CNS 2022

Every day, we are constantly bombarded with sights, sounds, and other stimuli that threaten to distract us from specific tasks. Over the last several decades, cognitive neuroscientists have made tremendous progress in understanding the brain processes at work when people exert cognitive control to overcome potential distractions. They have developed a variety of laboratory tasks for such research, most often testing how quickly and accurately people can perform the given task in the face of a potential distraction or conflict. John Jonides, a cognitive neuroscientist at the University of Michigan, thinks it’s time to rethink those lab tasks.

The recipient of the Cognitive Neuroscience Society’s (CNS) 2022 Fred Kavli Distinguished Career Contributions Award, Jonides is working to further evolve laboratory tasks away from thinking of response time as a dependent variable and toward thinking about it as an independent variable. In doing so, he and his team are elucidating new insights about the psychological processes related to distraction — framing them as a “as a race between reflexive processes and processes driven by goals.” This work promises to help research related to cognitive disorders, such as depression and attention deficit hyperactivity disorder (ADHD).

I spoke with Jonides about this new work and the larger body of work on cognitive control, which he will be presenting at the CNS annual meeting in San Francisco this April, as well as exciting trends he sees in the field.

CNS: What got you started in cognitive neuroscience and what personally drives your work forward?

Jonides: Around 1989, when I was finishing up a tour of duty as a dean, I came across the seminal 1988 PET study of word processing by Petersen, Fox, Posner, Mintun, and Raichle.  It was an eye opener to realize that neuroimaging techniques could provide information about processing mechanisms in the brain.  That paper and two subsequent years of a postdoctoral experience in the Michigan Medical School served as the foundation of my ensuing work.

As for driving forces for my work, they are motivated by the endlessly interesting questions about how the brain delivers cognition and then turns this into behavior.  I have always been keenly interested especially in how we manage to go beyond reflexive, automatic behaviors to achieve goals that we have set ourselves, and much of my work has centered on this issue.

Most studies of cognitive control use response time as the critical measure, but there are problems in doing so. Our new technique avoids these problems and reveals what we have come to model as a race between reflexive processes and processes driven by goals.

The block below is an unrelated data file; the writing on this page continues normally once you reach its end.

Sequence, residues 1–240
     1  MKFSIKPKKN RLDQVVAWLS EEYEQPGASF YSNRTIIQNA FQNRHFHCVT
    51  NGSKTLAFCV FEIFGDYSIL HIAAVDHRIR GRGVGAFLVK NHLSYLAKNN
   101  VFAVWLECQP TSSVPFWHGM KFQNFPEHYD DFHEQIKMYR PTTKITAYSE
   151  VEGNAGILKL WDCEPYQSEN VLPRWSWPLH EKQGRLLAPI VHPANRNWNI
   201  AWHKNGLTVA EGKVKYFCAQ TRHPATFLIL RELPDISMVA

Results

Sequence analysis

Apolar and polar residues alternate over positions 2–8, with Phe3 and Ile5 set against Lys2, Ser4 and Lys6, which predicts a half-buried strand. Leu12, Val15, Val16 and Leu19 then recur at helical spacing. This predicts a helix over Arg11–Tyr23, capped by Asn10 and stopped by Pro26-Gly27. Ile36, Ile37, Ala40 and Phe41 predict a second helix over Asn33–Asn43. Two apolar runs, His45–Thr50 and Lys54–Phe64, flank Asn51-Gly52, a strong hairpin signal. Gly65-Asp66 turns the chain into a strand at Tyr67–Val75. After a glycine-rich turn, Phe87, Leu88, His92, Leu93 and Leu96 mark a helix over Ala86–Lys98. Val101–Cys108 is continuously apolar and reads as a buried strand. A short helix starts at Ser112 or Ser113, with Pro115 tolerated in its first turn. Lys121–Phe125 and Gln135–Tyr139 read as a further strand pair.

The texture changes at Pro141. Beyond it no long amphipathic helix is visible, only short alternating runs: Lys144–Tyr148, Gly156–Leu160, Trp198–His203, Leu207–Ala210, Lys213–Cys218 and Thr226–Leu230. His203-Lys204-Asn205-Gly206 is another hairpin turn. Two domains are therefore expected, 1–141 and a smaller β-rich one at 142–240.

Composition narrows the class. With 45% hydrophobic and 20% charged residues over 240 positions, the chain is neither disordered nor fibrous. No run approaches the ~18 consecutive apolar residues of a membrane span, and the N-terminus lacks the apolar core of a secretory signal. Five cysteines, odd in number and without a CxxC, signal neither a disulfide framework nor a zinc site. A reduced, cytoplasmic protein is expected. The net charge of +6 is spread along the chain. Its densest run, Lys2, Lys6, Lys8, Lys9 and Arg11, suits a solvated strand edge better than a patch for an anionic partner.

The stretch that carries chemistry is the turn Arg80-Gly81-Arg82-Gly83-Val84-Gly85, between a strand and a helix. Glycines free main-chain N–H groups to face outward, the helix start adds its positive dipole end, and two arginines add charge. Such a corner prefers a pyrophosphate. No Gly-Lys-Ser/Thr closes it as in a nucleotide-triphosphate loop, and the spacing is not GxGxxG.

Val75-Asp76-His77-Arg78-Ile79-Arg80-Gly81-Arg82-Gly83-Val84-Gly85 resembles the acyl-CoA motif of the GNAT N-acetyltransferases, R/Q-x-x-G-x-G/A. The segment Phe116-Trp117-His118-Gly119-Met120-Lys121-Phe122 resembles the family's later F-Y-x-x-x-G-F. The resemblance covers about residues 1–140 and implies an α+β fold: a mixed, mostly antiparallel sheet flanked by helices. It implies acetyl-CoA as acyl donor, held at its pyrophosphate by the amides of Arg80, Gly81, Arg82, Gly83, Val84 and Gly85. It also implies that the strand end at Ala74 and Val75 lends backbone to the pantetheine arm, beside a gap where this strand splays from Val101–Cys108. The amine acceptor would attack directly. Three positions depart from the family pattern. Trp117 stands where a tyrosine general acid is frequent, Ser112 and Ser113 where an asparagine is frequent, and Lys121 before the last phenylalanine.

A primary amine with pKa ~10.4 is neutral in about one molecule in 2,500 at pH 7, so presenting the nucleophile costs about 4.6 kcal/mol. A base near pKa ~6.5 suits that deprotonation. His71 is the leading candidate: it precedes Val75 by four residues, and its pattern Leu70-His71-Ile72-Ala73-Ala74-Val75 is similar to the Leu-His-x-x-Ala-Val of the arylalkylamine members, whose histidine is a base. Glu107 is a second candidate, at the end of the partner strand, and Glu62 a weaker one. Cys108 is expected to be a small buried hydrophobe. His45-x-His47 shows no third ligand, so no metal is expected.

CNS: Can you give us a preview of your CNS 2022 award lecture in April, especially any new research you might be presenting?

Jonides: First, and foremost, I will open the talk by giving great thanks to my faculty and student collaborators over the years. To me, cognitive neuroscience is a team sport, and I have been hugely fortunate in having a long series of spectacular team members. I want to be sure that they are recognized for their contributions because this award is only in small part due to my individual contributions.

Second, I will be presenting new research. With current collaborators Taraz Lee, Han Zhang, and Tyler Adkins, I have developed a new behavioral technique to interrogate cognitive control processes, and it is a truly exciting development.  Most studies of cognitive control use response time as the critical measure, but there are problems in doing so. Our new technique avoids these problems and reveals what we have come to model as a race between reflexive processes and processes driven by goals. I will be talking about various implementations of this technique to study cognitive control in several tasks.

CNS: What have been you and your team’s most proud/significant contributions to understanding cognitive control?

Jonides: This is akin to asking who is my favorite child, so I’m going to duck the question. But I will say that over the years, including current research, we have spent a good deal of time dissecting processes of cognitive control to see whether they are all of a kind or whether there are distinctly different ones. I am also quite proud of the work we have done in applying what we know about cognitive control to understanding deficits in these processes among those with major depressive disorder and ADHD.

CNS: What excites you most about the field of cognitive neuroscience right now, and where do you think we’re heading?

Jonides: So much excites me, but perhaps the most promising developments are in the technology and analysis techniques to make the most of neuroimaging. My own specialty has been functional MRI, and there have been developments in this field by leaps and bounds in the past 30 years. These have occurred in both data acquisition and data analysis techniques, and the extent to which this has pushed forward the value of neuroimaging has been very impressive.

CNS: What’s next for your own research?

Jonides: We have been spending a good deal of time looking into individual differences in cognitive control, including continuing examination of pathology as it affects control, most notably for ADHD.

CNS: What are you most looking forward to at the CNS annual meeting in San Francisco this April?

Jonides: Meeting with colleagues in person for the first time in nearly 2 years!

 

-Lisa M.P. Munoz

 



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